• There are several different types of shading techniques that can be used in 3D modeling, such as flat shading and smooth shading. Smooth shading is the most advanced and realistic technique, it calculates the Normals at each pixel and interpolates the color across the polygon, giving the model a more realistic look and adding additional curvature without the need for geometry to be present.

Understanding these before starting your model will help avoid having to go back and fix issues that you would have otherwise been unaware of aswell as help you achieve a realistic and accurate looking model. Check out the following video for a better introduction to Normals and Shading:

High to Low Poly Workflow

The next major consideration should be whether you intend to use a High poly to Low Poly work flow. This is a crucial technique used in modern game asset creation.

  • It's essentially the process of ‘baking’ details from a highly detailed mesh onto an optimized lower poly mesh. This is then translated by the engine using a system referred to as ‘physically based rendering’, where mathematical calculations create the illusion of details, despite there being no actual geometry for these details.

  • The hardware power to achieve the same photorealistic details without the PBR rendering would not be cost effective or accessible to the general public and it’s this technological advancement that has propelled computer generated graphics to the fidelity we’re accustomed to now.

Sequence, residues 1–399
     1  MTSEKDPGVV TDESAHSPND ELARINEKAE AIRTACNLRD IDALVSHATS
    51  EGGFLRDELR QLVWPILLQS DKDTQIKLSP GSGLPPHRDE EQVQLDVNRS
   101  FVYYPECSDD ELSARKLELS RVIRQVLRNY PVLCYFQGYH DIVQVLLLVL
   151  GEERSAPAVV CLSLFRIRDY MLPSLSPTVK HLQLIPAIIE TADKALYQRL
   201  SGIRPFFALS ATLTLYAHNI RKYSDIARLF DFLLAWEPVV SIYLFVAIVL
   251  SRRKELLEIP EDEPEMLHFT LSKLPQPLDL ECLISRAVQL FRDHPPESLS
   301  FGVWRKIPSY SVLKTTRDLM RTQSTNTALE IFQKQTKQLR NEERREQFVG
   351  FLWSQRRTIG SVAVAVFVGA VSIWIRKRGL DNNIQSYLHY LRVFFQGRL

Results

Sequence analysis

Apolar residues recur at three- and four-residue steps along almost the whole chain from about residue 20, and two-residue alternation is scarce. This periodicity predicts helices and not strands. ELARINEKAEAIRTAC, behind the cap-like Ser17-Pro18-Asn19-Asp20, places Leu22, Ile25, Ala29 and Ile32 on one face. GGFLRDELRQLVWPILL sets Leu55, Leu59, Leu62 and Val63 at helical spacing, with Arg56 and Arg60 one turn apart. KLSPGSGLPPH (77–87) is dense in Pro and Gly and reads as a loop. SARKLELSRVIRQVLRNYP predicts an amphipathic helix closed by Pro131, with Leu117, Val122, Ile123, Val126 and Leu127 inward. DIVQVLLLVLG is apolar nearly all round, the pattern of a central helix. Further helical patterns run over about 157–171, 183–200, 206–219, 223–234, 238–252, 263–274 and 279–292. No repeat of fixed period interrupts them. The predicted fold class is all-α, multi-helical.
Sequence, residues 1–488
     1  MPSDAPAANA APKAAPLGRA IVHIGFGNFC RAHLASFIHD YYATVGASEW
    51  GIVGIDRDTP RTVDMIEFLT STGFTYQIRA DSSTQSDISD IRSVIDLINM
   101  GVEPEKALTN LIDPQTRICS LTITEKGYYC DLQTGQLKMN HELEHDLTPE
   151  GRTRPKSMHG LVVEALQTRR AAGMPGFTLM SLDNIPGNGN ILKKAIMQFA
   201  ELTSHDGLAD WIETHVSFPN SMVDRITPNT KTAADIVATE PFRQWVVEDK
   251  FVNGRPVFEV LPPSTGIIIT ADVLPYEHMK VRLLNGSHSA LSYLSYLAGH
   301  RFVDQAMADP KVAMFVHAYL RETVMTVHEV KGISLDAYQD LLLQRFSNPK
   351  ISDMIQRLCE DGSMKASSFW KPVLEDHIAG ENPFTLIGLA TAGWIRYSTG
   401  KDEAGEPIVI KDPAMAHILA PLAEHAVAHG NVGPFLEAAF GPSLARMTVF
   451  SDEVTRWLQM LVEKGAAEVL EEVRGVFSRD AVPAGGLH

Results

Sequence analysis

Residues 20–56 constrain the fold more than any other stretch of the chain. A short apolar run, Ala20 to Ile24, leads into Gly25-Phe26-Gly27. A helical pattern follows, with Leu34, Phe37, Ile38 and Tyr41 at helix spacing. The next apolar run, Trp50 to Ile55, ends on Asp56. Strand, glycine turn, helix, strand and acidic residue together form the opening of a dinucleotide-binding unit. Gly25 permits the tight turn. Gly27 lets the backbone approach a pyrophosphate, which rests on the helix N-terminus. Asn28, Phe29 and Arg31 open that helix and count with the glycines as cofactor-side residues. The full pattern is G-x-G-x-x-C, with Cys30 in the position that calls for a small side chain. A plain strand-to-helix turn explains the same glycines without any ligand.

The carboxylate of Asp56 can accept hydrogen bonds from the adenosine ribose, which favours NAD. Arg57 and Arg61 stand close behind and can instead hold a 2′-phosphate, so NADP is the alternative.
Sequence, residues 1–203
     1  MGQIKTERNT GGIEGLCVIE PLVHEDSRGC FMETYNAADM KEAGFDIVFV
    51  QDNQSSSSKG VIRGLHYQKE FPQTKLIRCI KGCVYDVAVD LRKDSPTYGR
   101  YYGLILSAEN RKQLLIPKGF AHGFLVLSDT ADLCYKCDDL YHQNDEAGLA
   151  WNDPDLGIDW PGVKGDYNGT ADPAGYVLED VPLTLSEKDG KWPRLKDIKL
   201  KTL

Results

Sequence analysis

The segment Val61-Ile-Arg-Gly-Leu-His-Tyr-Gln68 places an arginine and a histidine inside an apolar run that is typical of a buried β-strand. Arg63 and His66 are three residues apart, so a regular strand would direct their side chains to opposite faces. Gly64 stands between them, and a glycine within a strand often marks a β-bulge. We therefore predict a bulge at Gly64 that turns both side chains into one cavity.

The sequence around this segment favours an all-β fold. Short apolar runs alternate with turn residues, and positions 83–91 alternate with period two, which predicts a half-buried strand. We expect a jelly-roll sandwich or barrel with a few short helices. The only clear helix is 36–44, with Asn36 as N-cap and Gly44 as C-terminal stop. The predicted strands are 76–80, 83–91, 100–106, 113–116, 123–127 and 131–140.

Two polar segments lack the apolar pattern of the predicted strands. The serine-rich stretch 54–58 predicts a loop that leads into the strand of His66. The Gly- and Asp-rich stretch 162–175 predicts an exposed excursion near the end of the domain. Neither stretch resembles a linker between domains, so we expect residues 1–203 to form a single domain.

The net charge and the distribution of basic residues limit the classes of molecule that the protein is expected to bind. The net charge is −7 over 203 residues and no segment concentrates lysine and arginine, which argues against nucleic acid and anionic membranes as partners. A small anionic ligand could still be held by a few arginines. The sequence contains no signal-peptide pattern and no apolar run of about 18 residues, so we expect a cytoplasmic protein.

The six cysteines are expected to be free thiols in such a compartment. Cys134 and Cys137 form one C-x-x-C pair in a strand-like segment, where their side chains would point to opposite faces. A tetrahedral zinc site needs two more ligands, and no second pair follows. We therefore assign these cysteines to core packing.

If you intend to use this workflow you will need to create to separate models;

  • A highly detailed model where poly count is only limited to what your hardware can cope with.
  • An optimized lower poly version of the model where small details such as insets, trims and buttons can be baked on to. 

Again there are multiple factors to consider when using this workflow, as well as additional software required such as Marmoset Toolbag and Adobe Substance. It should be noted that Blender is capable of baking models too. For a brief introduction to this workflow check out this video:

UV Unwrapping

Once you're happy with your 3D models, it's time to move on to the next phase of the modelling pipeline: UV Unwrapping. This stage is essential for texturing your model. 

  • UV unwrapping is a critical part of the 3D modeling pipeline where the 3D model's surface is separated into smaller, flat pieces and laid out in a 2D space. This is done by cutting the model along edges and unfolding the resulting pieces, similar to unfolding a piece of paper.
  • There are several techniques that can be used for UV unwrapping, such as manual and automatic, but manual unwrapping grants greater control and better results.

  • The goal of UV unwrapping is to create a UV map that is as non-overlapping and non-distorted as possible, while also making efficient use of the UV space. Once the UV map is created, textures can be applied to the model by painting or texturing the UV map directly in a 2D image editing software and then mapped onto the 3D model using the UV map as a guide.

Check out Chris Torchia's (CEO of Vigilante) brilliant explanation of UV unwrapping on Episode 3 of The Warfighter Podcast here: 


After successfully unwrapping your model you may now move on to baking and texturing your model, bringing it visually to life with the use of colours, patterns and materials.